Several factors have driven this highly dynamic market. Dramatic improvements in cellular data networks have played a role. But arguably of greater importance has been the development of software that offers consumers an intuitive and rewarding experience.

Apple’s iOS and Google’s Android operating systems have proven to be enormously popular among both users and app developers. This has generated synergies — or what economists call network externalities — as more apps have been developed, so more people are attracted to the ecosystem and vice versa, leading to a virtuous circle that benefits both users and app developers.

By contrast, Nokia’s early smartphones, including the N70 and N95, ran Symbian, the operating system developed for Psion’s handheld devices, which had a clunkier user interface and was more difficult to code — so it was less attractive to both users and developers. In addition, Symbian lacked an effective means of solving the problem of fragmentation of the operating system across different devices, which made it difficult for developers to create apps that ran across the ecosystem — something both Apple (through its closed system) and Google (through agreements with carriers) were able to address. Meanwhile, Java’s MIDP used in LG’s Shine, and its successor J2ME imposed restrictions on developers (such as prohibiting access to files, hardware, and network connections) that seem to have made it less attractive than Android.

The relative superiority of their operating systems enabled Apple and the manufacturers of Android-based phones to steal a march on the early leaders in the smartphone revolution.

The fact that Google allows smartphone manufacturers to install Android for free, distributes Google Play and other apps in a free bundle, and pays such manufacturers for preferential treatment for Google Search, has also kept the cost of Android-based smartphones down. As a result, Android phones are the cheapest on the market, providing a powerful experience for as little as $50. It is reasonable to conclude from this that innovation, driven by fierce competition, has led to devices, operating systems, and apps that provide enormous benefits to consumers.

The Commission decision would harm device manufacturers, app developers and consumers

The EC’s decision seems to disregard the history of smartphone innovation and competition and their ongoing consequences. As Dirk Auer explains, the Open Handset Alliance (OHA) was created specifically to offer an effective alternative to Apple’s iPhone — and it worked. Indeed, it worked so spectacularly that Android is installed on about 80% of all new phones. This success was the result of several factors that the Commission now seeks to undermine:

First, in order to maintain order within the Android universe, and thereby ensure that apps developed for Android would function on the vast majority of Android devices, Google and the OHA sought to limit the extent to which Android “forks” could be created. (Apple didn’t face this problem because its source code is proprietary, so cannot be modified by third-party developers.) One way Google does this is by imposing restrictions on the licensing of its proprietary apps, such as the Google Play store (a repository of apps, similar to Apple’s App Store).

Device manufacturers that don’t conform to these restrictions may still build devices with their forked version of Android — but without those Google apps. Indeed, Amazon chooses to develop a non-conforming version of Android and built its own app repository for its Fire devices (though it is still possible to add the Google Play Store). That strategy seems to be working for Amazon in the tablet market; in 2017 it rose past Samsung to become the second biggest manufacturer of tablets worldwide, after Apple.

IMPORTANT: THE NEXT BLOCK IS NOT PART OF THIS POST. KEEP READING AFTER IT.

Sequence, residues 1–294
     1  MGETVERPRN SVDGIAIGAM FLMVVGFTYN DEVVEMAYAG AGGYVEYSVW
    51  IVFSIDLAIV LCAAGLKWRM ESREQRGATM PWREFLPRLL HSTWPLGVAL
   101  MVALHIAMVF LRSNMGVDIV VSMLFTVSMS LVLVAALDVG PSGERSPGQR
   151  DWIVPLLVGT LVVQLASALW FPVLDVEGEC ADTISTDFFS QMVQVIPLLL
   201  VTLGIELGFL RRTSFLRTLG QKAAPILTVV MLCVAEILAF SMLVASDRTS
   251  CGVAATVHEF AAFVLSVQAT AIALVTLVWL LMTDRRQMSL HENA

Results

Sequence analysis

Second, in order to be able to offer Android for free to smartphone manufacturers, Google sought to develop unique revenue streams (because, although the software is offered for free, it turns out that software developers generally don’t work for free). The main way Google did this was by requiring manufacturers that choose to install Google Play also to install its browser (Chrome) and search tools, which generate revenue from advertising. At the same time, Google kept its platform open by permitting preloads of rivals’ apps and creating a marketplace where rivals can also reach scale. Mozilla’s Firefox browser, for example, has been downloaded over 100 million times on Android.

The importance of these factors to the success of Android is acknowledged by the EC. But instead of treating them as legitimate business practices that enabled the development of high-quality, low-cost smartphones and a universe of apps that benefits billions of people, the Commission simply asserts that they are harmful, anticompetitive practices.

For example, the Commission asserts that

In order to be able to pre-install on their devices Google’s proprietary apps, including the Play Store and Google Search, manufacturers had to commit not to develop or sell even a single device running on an Android fork. The Commission found that this conduct was abusive as of 2011, which is the date Google became dominant in the market for app stores for the Android mobile operating system.

This is simply absurd, to say nothing of ahistorical. As noted, the restrictions on Android forks plays an important role in maintaining the coherency of the Android ecosystem. If device manufacturers were able to freely install Google apps (and other apps via the Play Store) on devices running problematic Android forks that were unable to run the apps properly, consumers — and app developers — would be frustrated, Google’s brand would suffer, and the value of the ecosystem would be diminished. Extending this restriction to all devices produced by a specific manufacturer, regardless of whether they come with Google apps preinstalled, reinforces the importance of the prohibition to maintaining the coherency of the ecosystem.